Bećarac is an integral part of the life and customs of Slavonia, where it has been making people laugh for centuries. Bećarac is a traditional folk song born in Slavonia at the time of the end of the Military Frontier and the departure of the Turks. Etymological roots come from the Turkish language, in which the word "bekar" symbolizes a young man, a bachelor who loves women and alcohol.
These humorous and satirical songs are mostly performed by two or more men. The centre of bećarac is a couple of decasyllable. The first verse or part of the verse is sung by the lead singer creating a certain thesis, and then the other join him in singing. The second verse is mostly the humorous antithesis of the first verse. Verses are of predominantly romantic and metaphorically erotic content. The singer praises his own virtues while mocking the rivals and those who do not share his opinion. Bećarac is performed regularly with instrumental accompaniment of folk instruments, mostly tamburica orchestras or orchestras with violin, accordion and tambura.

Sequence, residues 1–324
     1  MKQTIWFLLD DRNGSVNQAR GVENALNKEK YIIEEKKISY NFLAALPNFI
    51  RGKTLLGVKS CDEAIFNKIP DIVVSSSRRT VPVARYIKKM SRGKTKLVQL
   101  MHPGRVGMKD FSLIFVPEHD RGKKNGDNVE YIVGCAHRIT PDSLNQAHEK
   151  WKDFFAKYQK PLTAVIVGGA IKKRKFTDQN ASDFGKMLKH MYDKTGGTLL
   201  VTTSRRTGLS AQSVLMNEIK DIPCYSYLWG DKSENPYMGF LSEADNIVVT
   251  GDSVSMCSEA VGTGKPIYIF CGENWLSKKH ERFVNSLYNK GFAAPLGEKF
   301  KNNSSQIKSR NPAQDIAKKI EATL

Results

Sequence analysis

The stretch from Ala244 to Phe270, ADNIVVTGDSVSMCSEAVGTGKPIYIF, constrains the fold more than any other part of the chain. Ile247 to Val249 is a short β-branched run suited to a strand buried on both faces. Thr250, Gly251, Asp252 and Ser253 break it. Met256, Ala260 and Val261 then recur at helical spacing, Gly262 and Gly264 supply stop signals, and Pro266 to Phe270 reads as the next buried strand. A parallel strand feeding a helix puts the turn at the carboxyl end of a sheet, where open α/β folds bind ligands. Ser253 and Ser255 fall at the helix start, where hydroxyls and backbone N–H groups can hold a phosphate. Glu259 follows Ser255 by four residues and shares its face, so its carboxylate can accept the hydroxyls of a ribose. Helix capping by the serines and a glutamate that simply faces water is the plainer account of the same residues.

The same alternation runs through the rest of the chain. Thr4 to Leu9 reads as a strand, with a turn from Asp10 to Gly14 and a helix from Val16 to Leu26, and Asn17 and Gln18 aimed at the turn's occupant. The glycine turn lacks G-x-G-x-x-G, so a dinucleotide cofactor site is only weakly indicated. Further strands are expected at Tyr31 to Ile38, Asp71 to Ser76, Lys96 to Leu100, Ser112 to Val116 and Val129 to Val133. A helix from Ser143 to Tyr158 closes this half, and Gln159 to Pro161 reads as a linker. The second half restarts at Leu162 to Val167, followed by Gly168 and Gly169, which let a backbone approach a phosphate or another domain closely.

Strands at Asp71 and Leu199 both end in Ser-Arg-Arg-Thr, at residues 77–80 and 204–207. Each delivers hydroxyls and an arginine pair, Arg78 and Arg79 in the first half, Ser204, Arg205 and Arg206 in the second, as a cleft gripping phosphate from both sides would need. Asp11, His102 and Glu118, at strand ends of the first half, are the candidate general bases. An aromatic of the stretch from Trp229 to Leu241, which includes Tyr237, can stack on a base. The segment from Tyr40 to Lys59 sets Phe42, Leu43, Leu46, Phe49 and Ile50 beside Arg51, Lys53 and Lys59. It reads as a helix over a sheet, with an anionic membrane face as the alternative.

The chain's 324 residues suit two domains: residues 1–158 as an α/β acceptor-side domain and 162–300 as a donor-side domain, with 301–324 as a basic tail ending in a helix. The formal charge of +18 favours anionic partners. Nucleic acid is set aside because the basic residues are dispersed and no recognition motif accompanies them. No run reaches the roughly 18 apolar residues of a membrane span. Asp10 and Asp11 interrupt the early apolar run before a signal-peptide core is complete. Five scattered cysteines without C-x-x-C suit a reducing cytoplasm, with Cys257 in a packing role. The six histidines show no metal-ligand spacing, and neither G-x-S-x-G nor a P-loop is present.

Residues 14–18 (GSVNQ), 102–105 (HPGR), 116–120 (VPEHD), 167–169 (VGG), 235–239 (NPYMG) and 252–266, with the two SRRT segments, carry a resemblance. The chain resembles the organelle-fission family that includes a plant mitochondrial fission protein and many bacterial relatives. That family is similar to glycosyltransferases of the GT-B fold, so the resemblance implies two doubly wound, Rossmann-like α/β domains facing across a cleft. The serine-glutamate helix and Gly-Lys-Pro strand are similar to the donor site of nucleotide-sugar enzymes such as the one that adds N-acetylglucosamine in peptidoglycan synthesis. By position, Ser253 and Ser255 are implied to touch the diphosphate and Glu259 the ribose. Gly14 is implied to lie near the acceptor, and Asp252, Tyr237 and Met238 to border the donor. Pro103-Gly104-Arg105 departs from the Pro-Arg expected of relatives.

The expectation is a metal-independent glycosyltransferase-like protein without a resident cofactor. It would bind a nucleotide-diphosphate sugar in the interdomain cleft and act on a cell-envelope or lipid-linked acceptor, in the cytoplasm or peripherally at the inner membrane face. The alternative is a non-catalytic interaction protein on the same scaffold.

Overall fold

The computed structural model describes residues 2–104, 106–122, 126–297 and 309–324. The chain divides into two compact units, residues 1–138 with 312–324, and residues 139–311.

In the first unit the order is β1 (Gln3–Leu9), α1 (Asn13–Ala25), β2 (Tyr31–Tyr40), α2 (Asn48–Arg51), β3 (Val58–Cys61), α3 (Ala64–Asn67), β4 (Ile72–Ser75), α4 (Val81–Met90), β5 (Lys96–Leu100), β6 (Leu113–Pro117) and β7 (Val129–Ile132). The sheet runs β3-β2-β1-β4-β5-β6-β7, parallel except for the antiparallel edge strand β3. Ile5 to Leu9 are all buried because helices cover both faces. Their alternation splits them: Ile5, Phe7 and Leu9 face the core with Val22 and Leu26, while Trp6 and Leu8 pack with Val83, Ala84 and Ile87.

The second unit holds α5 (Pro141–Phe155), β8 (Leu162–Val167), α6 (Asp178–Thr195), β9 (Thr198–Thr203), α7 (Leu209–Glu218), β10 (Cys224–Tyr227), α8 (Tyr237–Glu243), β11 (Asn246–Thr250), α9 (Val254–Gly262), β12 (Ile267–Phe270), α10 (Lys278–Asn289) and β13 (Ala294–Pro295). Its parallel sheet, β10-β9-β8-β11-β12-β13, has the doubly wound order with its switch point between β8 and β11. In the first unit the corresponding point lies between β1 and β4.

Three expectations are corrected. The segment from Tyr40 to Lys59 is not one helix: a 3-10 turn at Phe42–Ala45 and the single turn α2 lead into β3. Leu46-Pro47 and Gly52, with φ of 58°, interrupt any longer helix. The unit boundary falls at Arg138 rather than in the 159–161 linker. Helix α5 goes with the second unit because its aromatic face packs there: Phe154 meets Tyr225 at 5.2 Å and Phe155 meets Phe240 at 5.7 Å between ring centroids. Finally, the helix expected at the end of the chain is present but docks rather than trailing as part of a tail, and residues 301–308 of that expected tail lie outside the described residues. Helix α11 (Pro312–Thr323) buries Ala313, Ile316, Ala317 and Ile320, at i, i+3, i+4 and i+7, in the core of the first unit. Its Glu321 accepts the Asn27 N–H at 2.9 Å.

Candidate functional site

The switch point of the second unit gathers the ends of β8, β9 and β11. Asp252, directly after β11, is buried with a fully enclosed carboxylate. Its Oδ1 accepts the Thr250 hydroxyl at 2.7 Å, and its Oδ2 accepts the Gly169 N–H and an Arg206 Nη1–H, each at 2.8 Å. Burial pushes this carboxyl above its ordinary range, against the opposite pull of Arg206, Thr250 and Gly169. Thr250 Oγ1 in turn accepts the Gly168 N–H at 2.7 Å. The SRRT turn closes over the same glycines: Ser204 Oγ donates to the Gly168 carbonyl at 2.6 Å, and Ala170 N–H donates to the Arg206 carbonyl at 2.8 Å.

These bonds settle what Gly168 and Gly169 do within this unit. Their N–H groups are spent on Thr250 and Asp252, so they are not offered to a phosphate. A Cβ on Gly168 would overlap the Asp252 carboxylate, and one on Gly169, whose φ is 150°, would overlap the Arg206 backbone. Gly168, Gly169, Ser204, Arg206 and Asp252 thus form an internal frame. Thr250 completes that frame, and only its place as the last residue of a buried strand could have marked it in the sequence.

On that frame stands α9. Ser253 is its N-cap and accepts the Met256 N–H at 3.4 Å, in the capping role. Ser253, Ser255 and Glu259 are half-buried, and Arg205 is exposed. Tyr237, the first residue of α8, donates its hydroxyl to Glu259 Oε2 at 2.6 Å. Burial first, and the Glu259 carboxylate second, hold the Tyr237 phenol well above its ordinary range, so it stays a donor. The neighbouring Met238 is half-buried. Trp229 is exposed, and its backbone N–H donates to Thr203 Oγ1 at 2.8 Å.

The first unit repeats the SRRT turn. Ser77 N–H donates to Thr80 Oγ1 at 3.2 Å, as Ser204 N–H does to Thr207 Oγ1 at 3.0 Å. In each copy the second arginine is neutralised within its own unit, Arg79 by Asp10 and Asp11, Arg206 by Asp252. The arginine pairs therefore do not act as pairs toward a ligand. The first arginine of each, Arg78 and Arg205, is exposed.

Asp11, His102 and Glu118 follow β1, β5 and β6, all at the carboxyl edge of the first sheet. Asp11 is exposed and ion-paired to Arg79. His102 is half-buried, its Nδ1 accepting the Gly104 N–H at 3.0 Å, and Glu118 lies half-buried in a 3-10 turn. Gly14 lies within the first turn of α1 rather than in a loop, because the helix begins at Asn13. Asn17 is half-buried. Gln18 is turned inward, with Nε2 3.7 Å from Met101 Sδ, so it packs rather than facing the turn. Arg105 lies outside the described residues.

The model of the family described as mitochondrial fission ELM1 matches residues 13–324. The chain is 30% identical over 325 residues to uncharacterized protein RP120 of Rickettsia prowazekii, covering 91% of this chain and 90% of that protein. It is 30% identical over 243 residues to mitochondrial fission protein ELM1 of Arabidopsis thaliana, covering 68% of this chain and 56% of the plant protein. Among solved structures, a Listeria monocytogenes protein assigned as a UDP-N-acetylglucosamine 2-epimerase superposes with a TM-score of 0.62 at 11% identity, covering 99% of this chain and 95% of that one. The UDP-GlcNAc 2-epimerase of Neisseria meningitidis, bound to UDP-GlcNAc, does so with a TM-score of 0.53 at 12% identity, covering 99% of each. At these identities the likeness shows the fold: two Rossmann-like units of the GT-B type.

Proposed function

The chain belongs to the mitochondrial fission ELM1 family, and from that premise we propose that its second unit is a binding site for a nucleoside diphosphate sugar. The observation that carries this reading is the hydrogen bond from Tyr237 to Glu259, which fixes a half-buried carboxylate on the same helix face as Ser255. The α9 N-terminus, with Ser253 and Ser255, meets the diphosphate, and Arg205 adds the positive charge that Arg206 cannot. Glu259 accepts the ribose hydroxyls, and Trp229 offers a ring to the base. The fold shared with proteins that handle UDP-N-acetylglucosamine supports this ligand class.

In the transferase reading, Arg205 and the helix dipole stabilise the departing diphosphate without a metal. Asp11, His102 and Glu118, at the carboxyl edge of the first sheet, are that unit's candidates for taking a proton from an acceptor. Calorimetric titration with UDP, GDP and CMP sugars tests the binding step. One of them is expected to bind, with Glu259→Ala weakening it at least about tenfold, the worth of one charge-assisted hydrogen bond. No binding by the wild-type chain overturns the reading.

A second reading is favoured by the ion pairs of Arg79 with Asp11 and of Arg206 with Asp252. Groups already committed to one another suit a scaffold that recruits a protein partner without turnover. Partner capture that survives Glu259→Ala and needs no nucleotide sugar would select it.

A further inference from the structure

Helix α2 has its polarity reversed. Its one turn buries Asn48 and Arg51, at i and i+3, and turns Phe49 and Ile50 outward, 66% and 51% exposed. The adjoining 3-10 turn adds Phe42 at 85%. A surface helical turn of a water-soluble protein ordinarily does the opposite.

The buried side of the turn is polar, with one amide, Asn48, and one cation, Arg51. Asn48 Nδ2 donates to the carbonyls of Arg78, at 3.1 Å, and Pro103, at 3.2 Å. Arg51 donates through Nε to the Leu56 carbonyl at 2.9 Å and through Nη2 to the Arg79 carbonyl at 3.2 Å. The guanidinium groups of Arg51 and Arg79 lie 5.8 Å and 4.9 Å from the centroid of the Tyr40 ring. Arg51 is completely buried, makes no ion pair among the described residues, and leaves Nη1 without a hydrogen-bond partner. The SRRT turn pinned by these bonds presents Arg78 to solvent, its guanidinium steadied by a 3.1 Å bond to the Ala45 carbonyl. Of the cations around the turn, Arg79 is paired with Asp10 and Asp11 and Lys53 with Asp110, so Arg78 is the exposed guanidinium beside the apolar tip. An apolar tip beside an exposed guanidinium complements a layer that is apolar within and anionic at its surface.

While for centuries tradition has meant that bećaracs are sung by men, today they are women who are the bearers of this cultural heritage. As well as being widespread throughout Slavonia, this folk song from Croatia has spread to southern Hungary and all over Vojvodina. The best evidence for its importance in this region shows the fact that UNECO placed the bećarac in 2011 into its list the immaterial cultural heritage of mankind.